He said they made a gravel cone – which they later covered with soil – to help direct the gas through the vent, which was a large white pipe with a charcoal filter on the top. Ruminski called it a “scrubber system.”

A small, battery-operated fan that can run for weeks at a time exerts a slight negative pressure that is helping draw out the gas, Gearhart explained. A venting hose was placed so that it ran up a nearby power pole.

“We're creating an easy spot for the gas to come out,” he said.

By late Thursday the rotten egg smell was still extremely strong, but Gearhart said, “This is really good for what it was.”

The equipment setup at the Division Avenue site is considered a short-term measure, Gearhart said.

“The is a temporary thing but we don't know how long it will be needed,” he added.

By summer he said the ground will be dry and the gas will start moving out of natural fissures again.

The readings were zero after the equipment was in place, Gearhart said.

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The white pipe, part of the scrubber system, includes a charcoal filter which helps disperse the hydrogen sulfide found leaking out of the ground off of Division Avenue in Clearlake, Calif., on Wednesday, February 10, 2010. Photo by Elizabeth Larson.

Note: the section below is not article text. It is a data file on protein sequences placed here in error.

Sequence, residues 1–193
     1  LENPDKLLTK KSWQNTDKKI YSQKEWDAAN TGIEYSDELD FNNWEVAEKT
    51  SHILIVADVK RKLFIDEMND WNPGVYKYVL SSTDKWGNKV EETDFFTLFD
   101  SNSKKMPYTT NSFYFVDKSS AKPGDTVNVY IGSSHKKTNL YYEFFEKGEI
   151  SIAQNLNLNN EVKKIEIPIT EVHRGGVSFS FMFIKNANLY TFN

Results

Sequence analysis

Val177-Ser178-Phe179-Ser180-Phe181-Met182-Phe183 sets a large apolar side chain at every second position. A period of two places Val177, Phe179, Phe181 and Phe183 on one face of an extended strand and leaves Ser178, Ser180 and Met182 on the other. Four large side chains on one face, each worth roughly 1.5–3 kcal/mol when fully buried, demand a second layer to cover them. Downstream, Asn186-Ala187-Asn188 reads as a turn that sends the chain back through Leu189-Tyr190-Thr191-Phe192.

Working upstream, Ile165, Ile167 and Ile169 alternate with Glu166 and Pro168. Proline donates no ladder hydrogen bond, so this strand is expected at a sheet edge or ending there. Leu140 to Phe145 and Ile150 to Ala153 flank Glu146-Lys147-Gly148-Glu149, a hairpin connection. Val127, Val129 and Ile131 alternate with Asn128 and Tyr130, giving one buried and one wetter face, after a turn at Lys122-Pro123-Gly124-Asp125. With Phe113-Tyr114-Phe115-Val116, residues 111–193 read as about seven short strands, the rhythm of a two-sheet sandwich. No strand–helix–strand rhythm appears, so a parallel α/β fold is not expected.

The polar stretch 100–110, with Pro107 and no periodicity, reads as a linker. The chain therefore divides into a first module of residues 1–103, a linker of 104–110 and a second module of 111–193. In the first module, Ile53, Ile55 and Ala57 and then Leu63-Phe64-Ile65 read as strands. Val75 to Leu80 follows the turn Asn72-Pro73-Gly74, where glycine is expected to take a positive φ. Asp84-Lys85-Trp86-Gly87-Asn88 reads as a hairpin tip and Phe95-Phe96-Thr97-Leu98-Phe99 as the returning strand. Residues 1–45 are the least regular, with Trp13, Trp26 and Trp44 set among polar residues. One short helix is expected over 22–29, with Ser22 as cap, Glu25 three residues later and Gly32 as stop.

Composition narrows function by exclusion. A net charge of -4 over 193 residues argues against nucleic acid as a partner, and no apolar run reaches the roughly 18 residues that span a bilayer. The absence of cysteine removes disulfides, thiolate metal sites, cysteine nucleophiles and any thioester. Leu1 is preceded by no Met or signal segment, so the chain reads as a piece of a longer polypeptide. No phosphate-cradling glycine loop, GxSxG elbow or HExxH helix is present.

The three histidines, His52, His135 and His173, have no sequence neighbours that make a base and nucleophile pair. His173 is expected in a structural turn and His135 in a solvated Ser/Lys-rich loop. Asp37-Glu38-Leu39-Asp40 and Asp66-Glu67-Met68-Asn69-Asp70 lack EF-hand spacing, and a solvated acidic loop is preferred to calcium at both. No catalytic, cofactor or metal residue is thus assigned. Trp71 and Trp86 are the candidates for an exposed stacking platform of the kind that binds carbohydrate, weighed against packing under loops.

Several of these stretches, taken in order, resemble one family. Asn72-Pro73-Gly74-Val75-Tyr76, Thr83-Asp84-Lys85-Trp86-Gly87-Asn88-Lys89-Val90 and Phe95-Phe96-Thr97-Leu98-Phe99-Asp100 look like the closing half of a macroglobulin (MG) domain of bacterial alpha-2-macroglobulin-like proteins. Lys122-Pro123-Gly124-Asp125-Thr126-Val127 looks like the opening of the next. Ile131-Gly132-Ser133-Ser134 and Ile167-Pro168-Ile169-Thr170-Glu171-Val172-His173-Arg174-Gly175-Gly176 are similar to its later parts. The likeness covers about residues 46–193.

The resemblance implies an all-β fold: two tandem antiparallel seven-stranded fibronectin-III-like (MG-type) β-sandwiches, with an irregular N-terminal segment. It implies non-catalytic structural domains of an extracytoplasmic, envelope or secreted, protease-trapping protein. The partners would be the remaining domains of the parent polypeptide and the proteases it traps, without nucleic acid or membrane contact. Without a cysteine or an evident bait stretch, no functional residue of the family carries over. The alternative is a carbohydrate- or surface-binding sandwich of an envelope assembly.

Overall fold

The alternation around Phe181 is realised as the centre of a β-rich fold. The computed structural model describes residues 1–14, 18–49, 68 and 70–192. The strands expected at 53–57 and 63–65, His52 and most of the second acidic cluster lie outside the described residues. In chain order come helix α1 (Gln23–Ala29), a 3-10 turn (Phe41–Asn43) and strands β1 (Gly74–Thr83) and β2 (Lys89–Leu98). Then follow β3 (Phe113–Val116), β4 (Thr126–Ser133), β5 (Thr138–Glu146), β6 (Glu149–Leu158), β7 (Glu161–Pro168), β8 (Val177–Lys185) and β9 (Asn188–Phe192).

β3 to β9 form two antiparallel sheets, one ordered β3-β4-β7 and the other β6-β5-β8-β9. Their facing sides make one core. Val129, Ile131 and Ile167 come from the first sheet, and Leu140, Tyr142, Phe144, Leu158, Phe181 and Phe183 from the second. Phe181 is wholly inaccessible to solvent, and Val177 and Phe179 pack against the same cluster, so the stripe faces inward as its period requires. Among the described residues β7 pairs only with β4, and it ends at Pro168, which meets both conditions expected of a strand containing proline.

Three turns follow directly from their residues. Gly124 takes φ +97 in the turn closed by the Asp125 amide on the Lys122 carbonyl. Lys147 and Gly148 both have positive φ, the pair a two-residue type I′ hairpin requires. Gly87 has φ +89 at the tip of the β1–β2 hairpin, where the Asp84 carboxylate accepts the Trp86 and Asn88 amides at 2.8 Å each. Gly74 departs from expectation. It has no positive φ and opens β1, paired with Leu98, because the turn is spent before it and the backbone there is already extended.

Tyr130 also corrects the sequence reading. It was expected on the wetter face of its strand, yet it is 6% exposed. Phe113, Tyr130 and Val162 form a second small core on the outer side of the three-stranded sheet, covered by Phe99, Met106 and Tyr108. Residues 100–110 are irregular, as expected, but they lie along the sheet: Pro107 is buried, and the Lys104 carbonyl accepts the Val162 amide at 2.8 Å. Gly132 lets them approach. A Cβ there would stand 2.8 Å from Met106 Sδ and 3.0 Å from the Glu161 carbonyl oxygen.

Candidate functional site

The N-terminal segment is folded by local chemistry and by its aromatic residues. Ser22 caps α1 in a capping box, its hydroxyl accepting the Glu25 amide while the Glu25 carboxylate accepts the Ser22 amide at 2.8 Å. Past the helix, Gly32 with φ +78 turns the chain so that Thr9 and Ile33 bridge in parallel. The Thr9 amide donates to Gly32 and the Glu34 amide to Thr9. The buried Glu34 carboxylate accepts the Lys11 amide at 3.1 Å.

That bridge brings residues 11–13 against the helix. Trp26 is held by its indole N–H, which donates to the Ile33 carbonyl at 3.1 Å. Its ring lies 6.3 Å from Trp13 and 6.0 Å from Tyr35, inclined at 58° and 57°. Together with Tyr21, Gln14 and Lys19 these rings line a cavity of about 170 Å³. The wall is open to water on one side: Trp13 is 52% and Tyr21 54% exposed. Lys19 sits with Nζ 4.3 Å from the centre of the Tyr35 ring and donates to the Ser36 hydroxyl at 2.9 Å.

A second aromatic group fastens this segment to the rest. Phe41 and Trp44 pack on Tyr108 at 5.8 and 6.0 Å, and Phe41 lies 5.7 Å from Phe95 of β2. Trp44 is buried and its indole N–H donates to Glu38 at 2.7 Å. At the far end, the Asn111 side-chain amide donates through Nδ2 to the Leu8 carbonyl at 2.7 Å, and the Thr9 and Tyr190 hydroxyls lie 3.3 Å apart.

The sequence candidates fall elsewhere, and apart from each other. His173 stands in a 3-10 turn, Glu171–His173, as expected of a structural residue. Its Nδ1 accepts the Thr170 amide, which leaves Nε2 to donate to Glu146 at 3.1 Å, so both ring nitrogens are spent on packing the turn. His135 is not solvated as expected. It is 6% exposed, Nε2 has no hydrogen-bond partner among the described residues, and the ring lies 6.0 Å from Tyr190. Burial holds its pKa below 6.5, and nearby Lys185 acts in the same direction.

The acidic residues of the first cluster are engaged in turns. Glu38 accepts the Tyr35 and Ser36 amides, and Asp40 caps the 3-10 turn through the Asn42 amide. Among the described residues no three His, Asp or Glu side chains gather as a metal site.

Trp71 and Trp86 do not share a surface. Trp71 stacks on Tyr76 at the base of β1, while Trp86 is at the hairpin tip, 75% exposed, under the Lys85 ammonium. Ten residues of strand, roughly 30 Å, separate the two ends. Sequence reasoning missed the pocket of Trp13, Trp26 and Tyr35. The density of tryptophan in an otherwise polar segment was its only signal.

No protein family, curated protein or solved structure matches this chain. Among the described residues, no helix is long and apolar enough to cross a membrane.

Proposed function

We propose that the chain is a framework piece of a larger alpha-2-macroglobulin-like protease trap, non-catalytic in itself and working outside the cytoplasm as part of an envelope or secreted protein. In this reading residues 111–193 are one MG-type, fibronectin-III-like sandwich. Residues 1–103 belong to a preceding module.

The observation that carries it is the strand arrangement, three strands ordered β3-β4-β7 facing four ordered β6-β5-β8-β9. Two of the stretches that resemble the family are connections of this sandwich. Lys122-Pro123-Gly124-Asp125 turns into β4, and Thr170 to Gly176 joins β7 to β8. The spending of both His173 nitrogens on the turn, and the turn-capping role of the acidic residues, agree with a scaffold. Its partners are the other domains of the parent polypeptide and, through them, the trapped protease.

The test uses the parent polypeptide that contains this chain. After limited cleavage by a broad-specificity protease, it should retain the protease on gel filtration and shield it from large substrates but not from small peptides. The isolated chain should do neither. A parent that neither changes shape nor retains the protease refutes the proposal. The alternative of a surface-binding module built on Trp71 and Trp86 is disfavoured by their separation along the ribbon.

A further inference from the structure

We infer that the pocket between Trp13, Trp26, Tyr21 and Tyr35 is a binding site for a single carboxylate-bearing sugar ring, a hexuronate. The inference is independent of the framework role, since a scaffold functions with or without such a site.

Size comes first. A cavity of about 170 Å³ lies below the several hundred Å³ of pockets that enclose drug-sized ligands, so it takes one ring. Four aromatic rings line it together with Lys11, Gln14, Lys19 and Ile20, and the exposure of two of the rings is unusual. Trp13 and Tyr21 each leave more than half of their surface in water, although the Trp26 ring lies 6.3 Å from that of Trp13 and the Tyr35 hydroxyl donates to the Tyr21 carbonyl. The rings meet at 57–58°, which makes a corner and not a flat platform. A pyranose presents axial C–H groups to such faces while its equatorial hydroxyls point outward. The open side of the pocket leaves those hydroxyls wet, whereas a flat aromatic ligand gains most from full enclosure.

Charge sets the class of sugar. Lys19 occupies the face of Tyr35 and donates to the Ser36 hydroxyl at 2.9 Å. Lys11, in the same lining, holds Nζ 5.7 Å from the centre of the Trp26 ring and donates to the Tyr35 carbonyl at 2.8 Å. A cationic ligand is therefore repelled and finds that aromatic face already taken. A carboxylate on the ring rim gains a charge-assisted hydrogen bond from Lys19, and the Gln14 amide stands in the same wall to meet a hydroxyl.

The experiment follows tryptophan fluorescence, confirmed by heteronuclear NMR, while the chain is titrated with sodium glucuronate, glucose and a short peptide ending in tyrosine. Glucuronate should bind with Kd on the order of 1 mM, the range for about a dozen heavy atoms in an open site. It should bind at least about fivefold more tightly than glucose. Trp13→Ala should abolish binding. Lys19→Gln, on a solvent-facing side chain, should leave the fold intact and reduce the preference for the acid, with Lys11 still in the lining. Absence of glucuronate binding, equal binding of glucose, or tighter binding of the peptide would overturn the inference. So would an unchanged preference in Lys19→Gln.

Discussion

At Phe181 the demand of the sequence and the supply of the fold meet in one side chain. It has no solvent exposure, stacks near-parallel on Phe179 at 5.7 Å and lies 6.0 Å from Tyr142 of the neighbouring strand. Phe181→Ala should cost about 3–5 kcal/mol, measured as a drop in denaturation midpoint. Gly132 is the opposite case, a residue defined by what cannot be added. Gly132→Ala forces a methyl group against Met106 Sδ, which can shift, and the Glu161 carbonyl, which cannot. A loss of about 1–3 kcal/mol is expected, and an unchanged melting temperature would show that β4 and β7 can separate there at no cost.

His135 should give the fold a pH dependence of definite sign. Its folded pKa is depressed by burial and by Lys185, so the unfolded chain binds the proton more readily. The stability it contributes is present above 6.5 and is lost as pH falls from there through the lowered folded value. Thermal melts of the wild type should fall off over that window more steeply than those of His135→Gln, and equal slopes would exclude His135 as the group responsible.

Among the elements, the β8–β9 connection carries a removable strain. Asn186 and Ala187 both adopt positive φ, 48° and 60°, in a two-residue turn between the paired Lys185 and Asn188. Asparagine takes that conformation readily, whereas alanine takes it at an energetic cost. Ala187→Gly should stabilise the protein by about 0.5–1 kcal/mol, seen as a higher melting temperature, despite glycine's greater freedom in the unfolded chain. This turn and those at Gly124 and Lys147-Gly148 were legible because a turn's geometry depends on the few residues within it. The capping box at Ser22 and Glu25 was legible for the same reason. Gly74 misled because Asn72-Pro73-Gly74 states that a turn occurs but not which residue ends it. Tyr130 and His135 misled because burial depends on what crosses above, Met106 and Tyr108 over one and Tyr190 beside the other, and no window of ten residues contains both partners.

WILLITS – On Wednesday Mendocino County Sheriff's deputies arrested a Willits man who was high from sniffing a chemical and who burned a portion of carpet at a Willits casino.

Gerald Crandell Simpson, 40, was taken into custody for inhaling toluene, an industrial solvent used as an intoxicant, and for arson, according to a report from Lt. Ron Welch.

On Wednesday shortly before 9:30 a.m. deputies were dispatched to Black Bart Casino regarding a patron under the influence of toluene, Welch said.

Upon their arrival deputies contacted Simpson, who was seated near the front of the casino. Welch said Simpson allegedly had evidence of toluene consumption on his person – including paint on his hands, face and clothing – as well as the heavy chemical toluene odor about his person.

Simpson was under the influence to the point he could not answer questions, nor walk without assistance, Welch said.

Deputies learned through their investigation that Simpson had entered the casino while under the influence. While in the casino, Simpson allegedly had lit a napkin on fire dropping in to the floor, burning a portion of the carpet, Welch said.

Simpson was arrested and booked into the Mendocino County Jail on charges of toluene influence, and arson of property, Welch said. Bail was set at $100,000.

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LAKE COUNTY – A Lower Lake woman died over the weekend in a crash in Mendocino County.

Diane Denise Whitehurst, 41, was killed in the head-on collision, which occurred on Highway 20 west of Marina Drive near Lake Mendocino, according to Officer Marian Holcomb of the Ukiah area California Highway Patrol Office.

Holcomb said Whitehurst and two passengers were traveling westbound on Highway 20 in a 1997 Ford van when Whitehurst, who was traveling about 60 miles per hour, crossed the double-yellow lines.

She collided head-on with a 2004 Chevrolet Silverado pickup driven by Martin Zuniga Pena, 45, of Williams, Holcomb said.